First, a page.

Near the beginning of August, a majority of sports enthusiasts are likely planning their fantasy football leagues, soaking up the final month of summer with a baseball game or gearing up for another Premier League campaign. But the action sports community goes a different route, opting to watch the best of the best compete in Surf City, USA.
The Vans US Open of Surfing brings together some of the best talent in surfing, BMX and skateboarding alike for a nine days of intense competition in Huntington Beach, California. The space near the pier is transformed into a hub of enthusiastic contestants and spectators with plenty of pop-up shops and exhibits in between.
Vans has constantly remained at the crux of action sports, but now the athletic-wear brand is expanding its endeavors to focus on sustainability as well. Similar to how other venues (Seattle's Climate Pledge Arena, for example) have made environmental preservation a key part of their long-term strategy, Vans is ensuring its footprint within action sports spills over into equally important affairs. The California-based company has tapped some of its well-known athlete ambassadors to help spread the message of sustainability.
"Being from Hawaii, the environment has always played a special role in our lives," Vans athlete and professional surfer Pua DeSoto told Yahoo Sports. "We always say that the land is like our older sibling, our Kaikuaʻana is what it translates to in Hawaiian. Our job, or the job of any person, is to protect and nurture this land for future generations to enjoy."
In addition to producing apparel and footwear with mainly recycled goods, Vans also pledged to make 100% of its top four CO2 impact materials be regenerative, responsibly sourced, renewable or recycled by 2030. Finally, they're teaming up with various local foundations in Orange County and Hawaii that focus on clean water enforcement, coastal restoration projects, beach cleanups and more.
Strengthening the significance of surfing ahead of the 2028 Summer Games and discourse about pay equity
As conversations surrounding gender equality and closing the pay gap take form in the WNBA and women's soccer, similar discussions are also occurring in surfing.
Justin Villano, senior marketing manager of Action Sport, told Yahoo Sports that in the future, we could see mandated efforts to ensure men, women and nonbinary athletes are all paid equally.
"It's about structuring the dollar so that they're evenly spread," Villano said. "So, if a male winner is getting $50K for first place, a female or nonbinary winner should also receive the same. It's really just clearly communicating that message and that's something we've been committed to for years now. From a cultural standpoint, I'd like to think we've led the charge on that within the actions sports space."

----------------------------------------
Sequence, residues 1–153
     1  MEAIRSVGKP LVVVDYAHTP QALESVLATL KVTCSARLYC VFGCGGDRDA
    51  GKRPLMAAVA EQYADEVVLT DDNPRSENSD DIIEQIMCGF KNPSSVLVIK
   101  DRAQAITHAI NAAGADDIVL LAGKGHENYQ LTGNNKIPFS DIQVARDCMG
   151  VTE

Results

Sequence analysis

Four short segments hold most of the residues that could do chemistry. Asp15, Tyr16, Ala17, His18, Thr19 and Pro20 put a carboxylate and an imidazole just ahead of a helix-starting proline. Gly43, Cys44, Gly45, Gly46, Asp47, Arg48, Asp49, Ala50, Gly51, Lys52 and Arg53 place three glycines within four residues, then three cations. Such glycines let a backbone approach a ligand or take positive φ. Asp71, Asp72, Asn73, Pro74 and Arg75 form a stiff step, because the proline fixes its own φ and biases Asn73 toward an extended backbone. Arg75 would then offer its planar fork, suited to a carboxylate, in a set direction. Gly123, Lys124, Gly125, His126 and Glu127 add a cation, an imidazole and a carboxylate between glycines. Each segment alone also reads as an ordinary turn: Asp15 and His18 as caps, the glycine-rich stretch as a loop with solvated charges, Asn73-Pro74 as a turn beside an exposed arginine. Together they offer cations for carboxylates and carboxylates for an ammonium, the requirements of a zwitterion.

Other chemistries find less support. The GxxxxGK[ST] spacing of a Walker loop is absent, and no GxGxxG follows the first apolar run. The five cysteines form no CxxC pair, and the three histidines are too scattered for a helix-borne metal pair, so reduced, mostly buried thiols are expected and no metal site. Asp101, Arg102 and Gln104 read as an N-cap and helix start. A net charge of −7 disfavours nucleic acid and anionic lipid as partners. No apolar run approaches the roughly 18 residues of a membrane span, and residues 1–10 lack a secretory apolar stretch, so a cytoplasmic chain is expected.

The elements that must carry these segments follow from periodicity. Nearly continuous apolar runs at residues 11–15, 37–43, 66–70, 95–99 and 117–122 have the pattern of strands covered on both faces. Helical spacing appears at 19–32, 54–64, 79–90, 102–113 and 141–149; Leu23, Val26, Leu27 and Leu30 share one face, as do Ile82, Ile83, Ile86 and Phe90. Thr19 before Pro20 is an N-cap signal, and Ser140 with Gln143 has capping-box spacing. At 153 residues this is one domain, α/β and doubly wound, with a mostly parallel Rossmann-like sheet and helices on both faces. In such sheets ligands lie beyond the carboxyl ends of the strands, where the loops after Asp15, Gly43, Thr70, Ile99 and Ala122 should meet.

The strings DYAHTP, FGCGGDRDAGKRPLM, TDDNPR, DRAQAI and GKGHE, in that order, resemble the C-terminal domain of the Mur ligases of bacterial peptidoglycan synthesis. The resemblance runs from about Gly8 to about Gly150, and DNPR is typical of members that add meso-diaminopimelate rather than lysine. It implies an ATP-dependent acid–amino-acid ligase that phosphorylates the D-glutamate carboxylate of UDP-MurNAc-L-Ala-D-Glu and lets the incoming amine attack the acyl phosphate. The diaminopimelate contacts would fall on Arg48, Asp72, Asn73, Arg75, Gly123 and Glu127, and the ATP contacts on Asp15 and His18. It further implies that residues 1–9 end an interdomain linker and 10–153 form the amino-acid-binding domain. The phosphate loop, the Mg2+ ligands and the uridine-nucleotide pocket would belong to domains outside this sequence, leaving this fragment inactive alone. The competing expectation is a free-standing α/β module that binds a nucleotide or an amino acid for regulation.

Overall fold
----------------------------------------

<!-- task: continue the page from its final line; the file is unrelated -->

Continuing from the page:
Surfing culture has had a resurgence the last few years, from getting the Olympic treatment last summer to a slew of recent documentaries centered around its culture. Just like NFL and WNBA fans have identified their favorites players, surf enthusiasts have their own roster of beloved competitors. Ask most people, and DeSoto is near or at the top of their list.
The 16-year-old has been a surfing phenom for years now, having been exposed to the sport since she was 6 months old. With aspirations to compete at the 2028 Summer Games in Los Angeles, the Hawaii native told Yahoo Sports she doesn't really "feel the pressure" of being a wunderkind, but rather is focused on using her platform to usher in a new generation of younger, female surfers.
"Surfing is just who I am. It's been ingrained within me. Growing up, I felt like we were always taught to either uphold or set new standards in my community," she said. "But I'm just trying to become the best version of myself so I can empower and inspire other people to do the same."
As with all athletes, there's immense pride that comes with representing your homeland. US Open of Surfing had an unprecedented 40% of Hawaiians competing this year, which DeSoto touted as a good sign for for greater exposure on American television.
"It's such a big deal to us and it's an indication of what's to come. It's like, if there were a competition in South Africa, then you'd hope there would be at least four or five natives participating, right? Vans has made sure there's ample recognition no matter where we go. I'm grateful to be a part of a team that's shining a light on the sport and giving back," she said.